Crescent roll ideas:
Pizza crust, just press all the perforated sides together to make one crust
Anything in a blanket, like the recipe from Monday
The outside dough for kinishes
As a side with soup or stew
Rolls with a meal
I got the munchies last night and came up with this delicious option. Super easy and would be great for a party. All these things were just hanging out in my fridge for other reasons and they went great together. What you need:
Savory tofu, cut into eight thin rectangles. This kind of tofu normally comes in small blocks and I just kept cutting it in half till I had eight pieces
Daiya provolone slices, two. Fold each one in half until you have eight long slices
One container vegan crescent roles, makes eight
Unroll the crescent rolls and detach from each other. They should look like triangles of dough. Place a piece of tofu and a piece of cheese on the thick end of the triangle and roll everything toward the tip of the triangle. Repeat until all eight are rolled up and place on a baking sheet. Bake according to the crescent roll package instructions. Yummy!
If not already crystal clear, I love chocolate. I always have. When I found this bar I wondered if it might remind me of a Nestle Crunch. Honestly, I can’t remember what the Nestle Crunch tastes like, so I have no idea how close or far this bar from Alter Ego is. However, I can say the Alter Ego bar is sufficiently yummy. The quinoa did give a bit of a fun crunch to a sweet chocolate taste and I enjoyed every bite. Find and try for yourself.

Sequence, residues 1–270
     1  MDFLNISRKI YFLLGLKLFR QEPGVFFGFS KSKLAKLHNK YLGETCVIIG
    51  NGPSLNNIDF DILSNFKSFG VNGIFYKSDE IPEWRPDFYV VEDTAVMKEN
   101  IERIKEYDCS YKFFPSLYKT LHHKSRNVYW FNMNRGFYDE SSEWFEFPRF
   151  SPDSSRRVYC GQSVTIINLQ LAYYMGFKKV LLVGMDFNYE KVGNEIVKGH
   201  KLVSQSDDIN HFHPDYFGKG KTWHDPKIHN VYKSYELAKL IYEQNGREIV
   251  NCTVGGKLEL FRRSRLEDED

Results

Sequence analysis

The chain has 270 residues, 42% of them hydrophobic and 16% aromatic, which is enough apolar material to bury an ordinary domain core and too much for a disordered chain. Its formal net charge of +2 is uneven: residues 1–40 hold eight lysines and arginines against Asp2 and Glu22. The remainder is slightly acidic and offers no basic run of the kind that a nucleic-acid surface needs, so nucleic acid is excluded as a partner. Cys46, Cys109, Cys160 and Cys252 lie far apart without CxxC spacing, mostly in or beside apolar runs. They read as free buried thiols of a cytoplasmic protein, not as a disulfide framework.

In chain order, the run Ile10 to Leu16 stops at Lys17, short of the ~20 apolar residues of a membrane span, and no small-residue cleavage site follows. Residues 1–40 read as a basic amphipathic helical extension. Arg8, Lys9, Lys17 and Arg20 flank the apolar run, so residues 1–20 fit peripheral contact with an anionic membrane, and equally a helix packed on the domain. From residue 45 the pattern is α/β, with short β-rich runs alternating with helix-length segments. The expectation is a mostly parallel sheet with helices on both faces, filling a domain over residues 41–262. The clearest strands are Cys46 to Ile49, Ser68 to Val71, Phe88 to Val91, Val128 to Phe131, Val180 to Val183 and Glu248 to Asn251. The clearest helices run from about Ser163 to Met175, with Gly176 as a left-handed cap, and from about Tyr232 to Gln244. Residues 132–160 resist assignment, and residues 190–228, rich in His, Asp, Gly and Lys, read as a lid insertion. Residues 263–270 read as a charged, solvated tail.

The CSA once again inspired me to innovate. A beautiful head of cabbage became a delicious stew. This is what you will need:
1 medium onion, diced
1 tsp avocado oil
1 small head of cabbage, about 6 cups chopped
1 28oz can fire roasted diced tomatoes
1 16oz can garbanzo beans
1 cube not-beef bouillon cube
4 cups water
2 cups chopped kale, stems removed
Saute the onion in avocado oil until it starts to soften. Add all the other ingredients and bring to a boil. Reduce heat, cover, and simmer for 30 minutes. Check that all the cabbage is thoroughly cooked and serve hot. Yummers!